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Topic: Converts

RB <[email protected]> wrote:

Dear Rabbi,
Moses took a non-Jew as a wife. She said, "Your people are my people" today we ask much more of our converts.

Dear [email protected],

Thanks for writing. You seem to be mixing up Tzippora and Ruth. Moses married Tzippora the Midianite (Exodus 2). It was Ruth, the Moabite, who said to Naomi, "your people are my people" (Book of Ruth 1). But I think I understand the point you are trying to make.

The Torah forbids intermarriage, and the Torah sets certain guidelines for what is required in order to convert to Judaism.

Such guidelines shouldn’t strike us as irrational or excessive: To become a US citizen, you need to go through a certain process, the end of which is to "pledge allegiance to the flag" and to agree to abide by all the laws of the US. If a person were to say, "I accept all the laws except the one requiring that I pay income tax," or, "except for the law that I not discriminate against minorities," he is likely to be rejected for citizenship — and rightly so — no matter how otherwise loyal he has been or will be. This should be true for most countries.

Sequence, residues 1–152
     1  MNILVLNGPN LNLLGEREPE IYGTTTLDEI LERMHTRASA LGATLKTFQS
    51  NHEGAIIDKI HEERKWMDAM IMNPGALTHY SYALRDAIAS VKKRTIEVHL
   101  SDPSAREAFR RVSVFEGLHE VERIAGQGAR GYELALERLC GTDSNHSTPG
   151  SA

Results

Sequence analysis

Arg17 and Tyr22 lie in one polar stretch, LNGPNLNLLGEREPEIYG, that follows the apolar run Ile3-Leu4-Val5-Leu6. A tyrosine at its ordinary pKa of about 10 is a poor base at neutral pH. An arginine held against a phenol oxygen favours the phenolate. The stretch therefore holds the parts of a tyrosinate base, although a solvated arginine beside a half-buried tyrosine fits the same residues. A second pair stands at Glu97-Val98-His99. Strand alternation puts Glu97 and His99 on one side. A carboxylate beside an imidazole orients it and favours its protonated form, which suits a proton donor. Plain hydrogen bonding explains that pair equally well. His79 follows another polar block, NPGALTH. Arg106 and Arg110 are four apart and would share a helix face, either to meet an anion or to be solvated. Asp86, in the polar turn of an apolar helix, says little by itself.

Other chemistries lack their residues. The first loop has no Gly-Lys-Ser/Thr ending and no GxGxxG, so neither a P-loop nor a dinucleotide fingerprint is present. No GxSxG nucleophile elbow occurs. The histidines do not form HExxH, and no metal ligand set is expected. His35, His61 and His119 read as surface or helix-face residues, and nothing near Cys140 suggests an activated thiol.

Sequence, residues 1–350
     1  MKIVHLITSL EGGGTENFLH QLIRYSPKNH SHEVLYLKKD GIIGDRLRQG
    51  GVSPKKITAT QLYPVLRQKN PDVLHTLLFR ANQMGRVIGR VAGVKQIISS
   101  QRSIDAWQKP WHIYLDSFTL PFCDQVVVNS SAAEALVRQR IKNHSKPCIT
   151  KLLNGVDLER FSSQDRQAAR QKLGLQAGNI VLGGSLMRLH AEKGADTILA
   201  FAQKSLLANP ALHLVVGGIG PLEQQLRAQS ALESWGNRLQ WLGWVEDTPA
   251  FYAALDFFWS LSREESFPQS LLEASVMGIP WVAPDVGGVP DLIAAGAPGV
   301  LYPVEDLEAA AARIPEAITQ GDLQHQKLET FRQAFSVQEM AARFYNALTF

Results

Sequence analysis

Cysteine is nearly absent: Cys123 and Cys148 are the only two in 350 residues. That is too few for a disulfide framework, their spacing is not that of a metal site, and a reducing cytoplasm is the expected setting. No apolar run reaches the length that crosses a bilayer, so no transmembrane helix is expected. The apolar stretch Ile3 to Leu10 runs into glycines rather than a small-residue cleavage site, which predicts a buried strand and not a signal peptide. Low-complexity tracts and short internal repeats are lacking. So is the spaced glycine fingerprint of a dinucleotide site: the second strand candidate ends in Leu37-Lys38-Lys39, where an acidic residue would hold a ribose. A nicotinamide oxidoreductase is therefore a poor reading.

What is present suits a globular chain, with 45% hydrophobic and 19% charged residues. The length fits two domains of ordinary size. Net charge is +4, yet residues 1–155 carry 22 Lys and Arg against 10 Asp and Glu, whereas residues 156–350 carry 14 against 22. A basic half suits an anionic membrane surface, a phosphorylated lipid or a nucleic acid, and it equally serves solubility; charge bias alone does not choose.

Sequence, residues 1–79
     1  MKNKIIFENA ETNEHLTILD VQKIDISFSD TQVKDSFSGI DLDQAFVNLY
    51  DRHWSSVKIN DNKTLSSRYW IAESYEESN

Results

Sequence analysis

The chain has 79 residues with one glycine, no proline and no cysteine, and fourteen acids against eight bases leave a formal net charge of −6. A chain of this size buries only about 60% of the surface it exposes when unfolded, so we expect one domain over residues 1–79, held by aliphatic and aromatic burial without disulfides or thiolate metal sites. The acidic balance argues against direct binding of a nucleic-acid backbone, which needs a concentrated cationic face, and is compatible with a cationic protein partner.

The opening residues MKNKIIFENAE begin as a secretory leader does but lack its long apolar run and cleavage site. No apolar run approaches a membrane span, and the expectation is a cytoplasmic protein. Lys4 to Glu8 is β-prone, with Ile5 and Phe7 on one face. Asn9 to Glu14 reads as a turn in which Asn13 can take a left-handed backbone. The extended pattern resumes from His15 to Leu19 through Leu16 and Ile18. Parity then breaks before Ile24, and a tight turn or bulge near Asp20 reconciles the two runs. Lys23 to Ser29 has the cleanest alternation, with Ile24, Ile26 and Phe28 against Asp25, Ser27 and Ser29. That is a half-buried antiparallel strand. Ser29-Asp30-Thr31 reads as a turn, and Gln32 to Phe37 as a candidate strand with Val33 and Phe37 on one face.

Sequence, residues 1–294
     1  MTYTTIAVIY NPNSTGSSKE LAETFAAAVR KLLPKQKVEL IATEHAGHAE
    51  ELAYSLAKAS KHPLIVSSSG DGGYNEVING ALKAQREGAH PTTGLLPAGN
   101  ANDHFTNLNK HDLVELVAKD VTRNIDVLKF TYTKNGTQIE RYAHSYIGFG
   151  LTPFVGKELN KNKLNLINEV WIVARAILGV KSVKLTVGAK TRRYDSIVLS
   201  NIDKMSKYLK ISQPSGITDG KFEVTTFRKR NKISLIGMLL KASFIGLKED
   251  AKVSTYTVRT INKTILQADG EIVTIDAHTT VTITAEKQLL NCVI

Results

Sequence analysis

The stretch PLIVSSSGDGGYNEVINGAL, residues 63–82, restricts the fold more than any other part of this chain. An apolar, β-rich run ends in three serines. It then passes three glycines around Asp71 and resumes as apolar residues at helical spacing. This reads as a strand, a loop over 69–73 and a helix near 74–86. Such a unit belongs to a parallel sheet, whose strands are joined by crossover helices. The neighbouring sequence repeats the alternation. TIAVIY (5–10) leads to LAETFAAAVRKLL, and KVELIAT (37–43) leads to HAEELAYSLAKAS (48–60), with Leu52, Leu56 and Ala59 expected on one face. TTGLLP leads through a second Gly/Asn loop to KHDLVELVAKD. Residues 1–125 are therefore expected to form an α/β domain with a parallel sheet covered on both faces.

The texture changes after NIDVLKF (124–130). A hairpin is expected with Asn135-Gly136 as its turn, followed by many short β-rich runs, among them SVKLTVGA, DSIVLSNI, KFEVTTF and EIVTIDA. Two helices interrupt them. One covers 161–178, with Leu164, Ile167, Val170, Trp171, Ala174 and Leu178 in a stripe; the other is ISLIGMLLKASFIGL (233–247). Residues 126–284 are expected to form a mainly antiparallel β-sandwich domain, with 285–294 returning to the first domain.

So it is when becoming a member of the Jewish People: One needs to go through the process of circumcision (for a male), ritual immersion, and acceptance of the Torah’s 613 commandments. This process must be supervised by knowledgeable rabbis. But if someone were to say, "I’ll accept all of Judaism, except for the law to abstain from eating milk and meat together," or "except for the law to observe Shabbat," then he cannot be accepted as a member of our people.

[This is not true for someone born Jewish. Like US citizenship, a born Jew doesn’t lose his Jewishness for breaking the law.]

Note that Ruth said "your people are my people" only after Naomi tried three times to send her back and discourage her. From Naomi’s example, the halacha is derived that we try somewhat to dissuade potential converts in order to test their sincerity.

Note, too, that Moses married Tzippora before the Torah was given at Mount Sinai. The rules for conversion had not as yet been set down and commanded. Then it was enough to swear off idol worship, accept belief in G-d and basic morality. At Mount Sinai, G-d gave us the Torah and its 613 laws. Among the 613 laws are those dealing with conversions.

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